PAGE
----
And finally… HMRC hands out hundreds of thousand of pounds to tipsters who report tax-dodging spouses



Thousands of pounds have been paid by the taxman to people who have tipped-off the authorities about how their spouses or employers are dodging their taxes.

According to The Times newspaper, HM Revenue & Customs investigators handed over more than £2.2 million tax-free of taxpayers’ money for such information over the past five years, but the payments were not declared in official annual accounts.

The report claims the payments have been made as the HMRC desperately tries to close an annual £33 billion “tax gap”, which constitutes the 5.7 per cent of tax that the department says people and businesses fail to pay.

The payouts for tip-offs were revealed by Sir Amyas Morse, head of the public spending watchdog the National Audit Office.

Sir Amyas said that HMRC’s risk and intelligence service, run by officers who have powers to examine avoidance, evasion and fraud, funds the payments.

He said HMRC was able to provide the awards under the Commissioners for Revenue and Customs Act 2005. Payments do not have to appear in the annual accounts because they are not a “key performance metric”.

HMRC has handed out £2.23 million since 2013. Tax office figures show that £343,500 was paid out in the 2017-18 tax year; £421,460 in 2016-17; £460,433 in 2015-16; £604,800 in 2014-15, and £402,160 in 2013-14.

However, The Times report quotes a former HMRC employee who voices concerns that the scheme was “totally lacking in transparency” and could be abused by individuals engaged in vendettas.

The source told the paper that many payments were made to embittered former spouses, business partners and employees.

Adam Craggs, a partner at the law firm Reynolds Porter Chamberlain, and who worked at HMRC for 16 years, said that colleagues in the risk and intelligence service told him many of the people seeking payment were involved in personal relationships with those they were informing on.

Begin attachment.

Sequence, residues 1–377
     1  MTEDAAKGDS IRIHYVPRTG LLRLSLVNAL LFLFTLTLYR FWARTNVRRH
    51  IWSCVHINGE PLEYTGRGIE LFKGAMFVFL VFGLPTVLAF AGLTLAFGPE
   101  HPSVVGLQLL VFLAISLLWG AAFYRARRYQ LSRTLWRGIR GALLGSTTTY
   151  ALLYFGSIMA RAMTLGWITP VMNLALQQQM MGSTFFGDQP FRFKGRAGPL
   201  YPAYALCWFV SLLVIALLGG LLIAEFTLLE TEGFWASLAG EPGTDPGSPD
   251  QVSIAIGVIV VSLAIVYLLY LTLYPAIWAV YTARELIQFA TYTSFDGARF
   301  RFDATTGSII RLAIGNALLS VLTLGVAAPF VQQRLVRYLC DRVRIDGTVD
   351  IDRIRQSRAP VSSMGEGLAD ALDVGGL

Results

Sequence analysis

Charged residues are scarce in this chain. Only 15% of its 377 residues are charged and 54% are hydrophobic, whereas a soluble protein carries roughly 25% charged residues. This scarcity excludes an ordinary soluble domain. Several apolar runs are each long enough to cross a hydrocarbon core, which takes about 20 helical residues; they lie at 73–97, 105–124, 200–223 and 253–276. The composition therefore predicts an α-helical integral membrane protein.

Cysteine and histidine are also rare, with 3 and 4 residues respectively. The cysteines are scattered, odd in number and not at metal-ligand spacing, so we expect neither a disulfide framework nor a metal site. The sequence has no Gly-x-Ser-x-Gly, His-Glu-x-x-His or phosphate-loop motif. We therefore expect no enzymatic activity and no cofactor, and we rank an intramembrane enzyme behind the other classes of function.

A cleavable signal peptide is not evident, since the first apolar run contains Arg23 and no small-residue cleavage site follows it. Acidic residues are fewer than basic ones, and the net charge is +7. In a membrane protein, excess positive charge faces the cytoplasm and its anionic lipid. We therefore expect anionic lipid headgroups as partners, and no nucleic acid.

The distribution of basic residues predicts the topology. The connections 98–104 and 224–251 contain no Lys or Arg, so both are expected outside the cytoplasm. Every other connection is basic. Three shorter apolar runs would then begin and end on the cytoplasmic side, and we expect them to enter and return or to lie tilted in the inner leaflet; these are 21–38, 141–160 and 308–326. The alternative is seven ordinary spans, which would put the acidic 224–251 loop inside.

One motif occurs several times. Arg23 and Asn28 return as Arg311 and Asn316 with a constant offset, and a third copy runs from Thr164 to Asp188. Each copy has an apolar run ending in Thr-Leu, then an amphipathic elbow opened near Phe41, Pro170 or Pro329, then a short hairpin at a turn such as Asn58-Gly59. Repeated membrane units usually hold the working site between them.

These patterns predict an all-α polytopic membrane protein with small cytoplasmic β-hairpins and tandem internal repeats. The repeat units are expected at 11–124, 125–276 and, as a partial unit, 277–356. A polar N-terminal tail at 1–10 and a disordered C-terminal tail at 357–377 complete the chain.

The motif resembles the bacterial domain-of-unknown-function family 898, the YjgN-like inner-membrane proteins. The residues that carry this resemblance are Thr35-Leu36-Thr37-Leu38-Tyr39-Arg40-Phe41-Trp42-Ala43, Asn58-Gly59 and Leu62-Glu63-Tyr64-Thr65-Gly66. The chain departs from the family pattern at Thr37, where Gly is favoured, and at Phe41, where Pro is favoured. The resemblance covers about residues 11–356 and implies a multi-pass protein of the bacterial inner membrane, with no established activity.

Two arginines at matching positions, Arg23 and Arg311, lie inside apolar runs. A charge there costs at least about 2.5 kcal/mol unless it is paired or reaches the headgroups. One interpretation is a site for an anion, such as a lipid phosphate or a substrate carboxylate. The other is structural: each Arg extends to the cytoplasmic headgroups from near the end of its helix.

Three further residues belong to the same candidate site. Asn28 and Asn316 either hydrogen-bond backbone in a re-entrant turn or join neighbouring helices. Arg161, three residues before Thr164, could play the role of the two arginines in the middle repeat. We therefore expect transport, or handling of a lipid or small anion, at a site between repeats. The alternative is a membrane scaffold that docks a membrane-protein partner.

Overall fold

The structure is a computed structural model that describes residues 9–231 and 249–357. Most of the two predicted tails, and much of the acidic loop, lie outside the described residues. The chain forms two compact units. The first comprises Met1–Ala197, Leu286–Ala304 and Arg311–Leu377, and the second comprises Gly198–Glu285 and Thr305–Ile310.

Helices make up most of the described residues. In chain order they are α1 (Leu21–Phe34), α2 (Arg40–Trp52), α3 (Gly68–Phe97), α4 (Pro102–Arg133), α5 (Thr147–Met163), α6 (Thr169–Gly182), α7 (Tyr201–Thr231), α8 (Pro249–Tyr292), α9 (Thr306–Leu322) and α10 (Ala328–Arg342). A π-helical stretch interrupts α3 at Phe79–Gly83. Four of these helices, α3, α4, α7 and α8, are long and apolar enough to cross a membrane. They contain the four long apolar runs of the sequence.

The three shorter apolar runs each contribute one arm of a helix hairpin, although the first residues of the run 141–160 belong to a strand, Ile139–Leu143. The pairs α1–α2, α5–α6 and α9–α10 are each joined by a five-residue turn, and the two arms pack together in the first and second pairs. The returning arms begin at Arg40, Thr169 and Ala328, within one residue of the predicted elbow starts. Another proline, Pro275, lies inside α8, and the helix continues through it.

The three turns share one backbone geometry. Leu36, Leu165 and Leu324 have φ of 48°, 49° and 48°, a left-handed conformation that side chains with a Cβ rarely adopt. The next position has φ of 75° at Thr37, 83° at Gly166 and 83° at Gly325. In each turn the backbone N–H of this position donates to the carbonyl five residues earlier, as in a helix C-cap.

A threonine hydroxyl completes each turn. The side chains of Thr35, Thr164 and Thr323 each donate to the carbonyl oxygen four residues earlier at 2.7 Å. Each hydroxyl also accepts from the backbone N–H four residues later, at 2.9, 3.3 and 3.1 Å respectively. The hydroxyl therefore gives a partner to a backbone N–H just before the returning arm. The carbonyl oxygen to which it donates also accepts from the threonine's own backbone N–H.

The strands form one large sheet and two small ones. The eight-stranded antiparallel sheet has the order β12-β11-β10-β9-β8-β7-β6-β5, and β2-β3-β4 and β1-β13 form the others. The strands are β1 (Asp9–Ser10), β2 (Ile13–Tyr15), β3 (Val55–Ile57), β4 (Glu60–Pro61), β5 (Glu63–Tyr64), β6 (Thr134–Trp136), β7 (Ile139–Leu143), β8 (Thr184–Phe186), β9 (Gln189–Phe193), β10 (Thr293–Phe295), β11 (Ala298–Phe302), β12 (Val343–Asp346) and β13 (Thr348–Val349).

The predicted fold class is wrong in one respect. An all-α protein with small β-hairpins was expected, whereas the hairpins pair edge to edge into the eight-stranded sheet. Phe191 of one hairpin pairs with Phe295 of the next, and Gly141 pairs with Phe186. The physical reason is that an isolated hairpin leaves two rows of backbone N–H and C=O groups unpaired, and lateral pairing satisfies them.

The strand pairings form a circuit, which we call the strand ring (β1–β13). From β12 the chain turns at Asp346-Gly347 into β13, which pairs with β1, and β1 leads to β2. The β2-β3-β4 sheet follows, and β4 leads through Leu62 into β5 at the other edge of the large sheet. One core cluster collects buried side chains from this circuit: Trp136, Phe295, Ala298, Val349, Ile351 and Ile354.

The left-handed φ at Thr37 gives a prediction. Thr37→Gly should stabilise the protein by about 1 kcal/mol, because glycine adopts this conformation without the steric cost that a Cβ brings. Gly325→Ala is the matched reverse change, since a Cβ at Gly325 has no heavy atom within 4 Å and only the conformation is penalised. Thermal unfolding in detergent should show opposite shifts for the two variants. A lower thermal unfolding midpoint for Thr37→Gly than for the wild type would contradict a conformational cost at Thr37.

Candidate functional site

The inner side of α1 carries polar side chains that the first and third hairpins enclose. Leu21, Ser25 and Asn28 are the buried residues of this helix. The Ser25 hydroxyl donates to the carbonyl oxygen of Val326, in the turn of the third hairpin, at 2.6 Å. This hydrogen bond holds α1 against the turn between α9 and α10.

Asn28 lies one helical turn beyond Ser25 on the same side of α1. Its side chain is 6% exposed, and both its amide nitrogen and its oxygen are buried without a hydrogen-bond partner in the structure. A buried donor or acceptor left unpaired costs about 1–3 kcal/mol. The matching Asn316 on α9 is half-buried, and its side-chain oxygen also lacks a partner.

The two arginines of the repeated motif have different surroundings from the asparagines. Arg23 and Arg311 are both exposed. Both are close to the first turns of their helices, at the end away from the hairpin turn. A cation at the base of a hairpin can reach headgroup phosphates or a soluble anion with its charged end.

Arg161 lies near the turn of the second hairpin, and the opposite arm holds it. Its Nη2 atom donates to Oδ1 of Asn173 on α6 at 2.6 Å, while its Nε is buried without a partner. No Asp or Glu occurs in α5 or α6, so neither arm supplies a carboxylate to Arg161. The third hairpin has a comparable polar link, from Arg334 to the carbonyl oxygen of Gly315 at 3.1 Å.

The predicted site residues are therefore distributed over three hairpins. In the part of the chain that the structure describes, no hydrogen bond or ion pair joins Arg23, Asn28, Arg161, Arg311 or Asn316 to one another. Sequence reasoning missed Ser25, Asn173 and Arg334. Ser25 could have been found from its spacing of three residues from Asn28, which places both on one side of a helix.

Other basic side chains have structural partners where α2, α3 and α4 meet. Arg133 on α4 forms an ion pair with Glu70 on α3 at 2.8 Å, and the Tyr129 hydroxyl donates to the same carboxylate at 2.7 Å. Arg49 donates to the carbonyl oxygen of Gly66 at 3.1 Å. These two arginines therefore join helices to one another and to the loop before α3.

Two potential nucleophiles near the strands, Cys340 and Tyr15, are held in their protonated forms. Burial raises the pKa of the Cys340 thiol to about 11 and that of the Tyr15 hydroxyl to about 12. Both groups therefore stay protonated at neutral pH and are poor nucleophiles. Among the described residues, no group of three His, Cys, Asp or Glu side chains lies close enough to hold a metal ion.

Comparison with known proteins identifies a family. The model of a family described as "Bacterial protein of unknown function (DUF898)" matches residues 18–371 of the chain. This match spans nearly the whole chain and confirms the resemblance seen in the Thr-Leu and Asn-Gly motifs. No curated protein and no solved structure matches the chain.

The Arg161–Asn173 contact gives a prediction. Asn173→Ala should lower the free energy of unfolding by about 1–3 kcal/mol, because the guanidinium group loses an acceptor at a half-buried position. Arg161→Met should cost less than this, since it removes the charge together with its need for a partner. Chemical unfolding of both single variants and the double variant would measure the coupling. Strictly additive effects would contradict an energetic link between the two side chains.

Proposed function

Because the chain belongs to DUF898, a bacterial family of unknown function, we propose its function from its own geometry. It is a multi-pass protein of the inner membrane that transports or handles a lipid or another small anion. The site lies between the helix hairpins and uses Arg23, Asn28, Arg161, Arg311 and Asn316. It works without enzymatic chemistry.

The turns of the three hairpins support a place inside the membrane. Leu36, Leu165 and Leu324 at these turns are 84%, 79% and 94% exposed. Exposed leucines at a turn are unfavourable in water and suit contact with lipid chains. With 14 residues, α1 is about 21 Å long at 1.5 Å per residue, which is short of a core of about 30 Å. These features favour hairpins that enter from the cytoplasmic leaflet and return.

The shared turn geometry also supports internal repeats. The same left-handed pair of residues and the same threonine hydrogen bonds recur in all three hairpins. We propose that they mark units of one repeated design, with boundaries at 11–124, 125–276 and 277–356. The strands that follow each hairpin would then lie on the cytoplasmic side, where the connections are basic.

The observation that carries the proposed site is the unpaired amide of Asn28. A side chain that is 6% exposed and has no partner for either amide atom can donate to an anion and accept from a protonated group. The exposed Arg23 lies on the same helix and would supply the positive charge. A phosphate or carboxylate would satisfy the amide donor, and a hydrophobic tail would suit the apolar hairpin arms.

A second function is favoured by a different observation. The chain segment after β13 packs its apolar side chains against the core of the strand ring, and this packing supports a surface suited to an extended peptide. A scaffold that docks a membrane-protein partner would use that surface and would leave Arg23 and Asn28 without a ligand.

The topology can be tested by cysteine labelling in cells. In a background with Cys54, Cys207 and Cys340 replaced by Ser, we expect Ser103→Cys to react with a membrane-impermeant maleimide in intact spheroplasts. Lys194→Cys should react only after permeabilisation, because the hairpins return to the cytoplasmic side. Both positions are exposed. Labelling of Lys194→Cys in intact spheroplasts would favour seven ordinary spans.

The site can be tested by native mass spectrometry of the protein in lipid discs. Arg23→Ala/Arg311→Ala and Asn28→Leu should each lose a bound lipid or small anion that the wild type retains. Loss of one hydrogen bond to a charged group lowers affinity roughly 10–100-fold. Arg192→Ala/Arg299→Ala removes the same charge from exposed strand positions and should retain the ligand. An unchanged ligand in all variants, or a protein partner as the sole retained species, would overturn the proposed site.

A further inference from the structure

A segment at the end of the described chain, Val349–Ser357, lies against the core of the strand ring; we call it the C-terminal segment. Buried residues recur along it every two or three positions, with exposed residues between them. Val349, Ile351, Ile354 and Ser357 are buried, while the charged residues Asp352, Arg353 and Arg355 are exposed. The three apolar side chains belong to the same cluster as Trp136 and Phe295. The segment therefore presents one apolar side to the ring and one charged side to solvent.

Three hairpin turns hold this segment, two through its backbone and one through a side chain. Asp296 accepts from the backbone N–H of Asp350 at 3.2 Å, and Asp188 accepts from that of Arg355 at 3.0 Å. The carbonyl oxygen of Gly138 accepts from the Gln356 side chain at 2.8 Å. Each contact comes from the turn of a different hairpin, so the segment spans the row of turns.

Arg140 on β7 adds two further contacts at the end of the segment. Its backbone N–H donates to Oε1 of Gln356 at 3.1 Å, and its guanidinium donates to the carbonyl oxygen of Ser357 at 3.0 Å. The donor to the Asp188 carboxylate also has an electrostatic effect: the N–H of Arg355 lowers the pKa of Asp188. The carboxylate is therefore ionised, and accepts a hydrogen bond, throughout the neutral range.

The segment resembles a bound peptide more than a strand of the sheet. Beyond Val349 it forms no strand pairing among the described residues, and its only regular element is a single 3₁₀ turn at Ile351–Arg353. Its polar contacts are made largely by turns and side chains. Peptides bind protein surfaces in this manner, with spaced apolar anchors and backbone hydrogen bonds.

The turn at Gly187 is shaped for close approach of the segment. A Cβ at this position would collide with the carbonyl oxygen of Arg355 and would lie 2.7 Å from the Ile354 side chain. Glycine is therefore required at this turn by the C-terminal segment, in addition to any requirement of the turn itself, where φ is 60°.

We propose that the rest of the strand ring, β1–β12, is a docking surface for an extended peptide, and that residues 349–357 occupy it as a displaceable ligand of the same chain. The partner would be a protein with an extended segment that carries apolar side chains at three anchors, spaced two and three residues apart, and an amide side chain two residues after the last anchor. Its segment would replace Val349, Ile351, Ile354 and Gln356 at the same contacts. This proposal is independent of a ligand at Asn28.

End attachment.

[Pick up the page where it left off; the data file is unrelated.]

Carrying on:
“You would get a disillusioned spouse who said that they were upset with their husband and would give details to HMRC,” he said. “They knew where the bodies were buried, as it were.”

Mr Craggs said the level of payments was always shrouded in secrecy. “It is not a transparent process and it is, to a certain extent, open to abuse for those with vested interests. Public money is being paid to informers — your money and my money.”

HMRC says informers get a payout only if their information is considered “exceptionally helpful” to an investigation, and most handouts are for less than £5,000, which must be authorised by a senior officer in the intelligence service.

Payments up to £10,000 require sign-off by a high grade civil servant, while payments of up to £100,000 must be approved by a deputy director, and up to £250,000 by a director. Payments over £250,000 would have to be approved at director-general level.

A source at HMRC said that a tipster would only get £250,000 if they provided “mother-lode material”, adding: “It would have to be enough to close down a company, or something.”

An HMRC spokesman, who confirmed that all payments for tip-offs were tax-free, said that the “vast majority” of tipsters did not get a reward, but those who got one would be given it “at the discretion of HMRC”.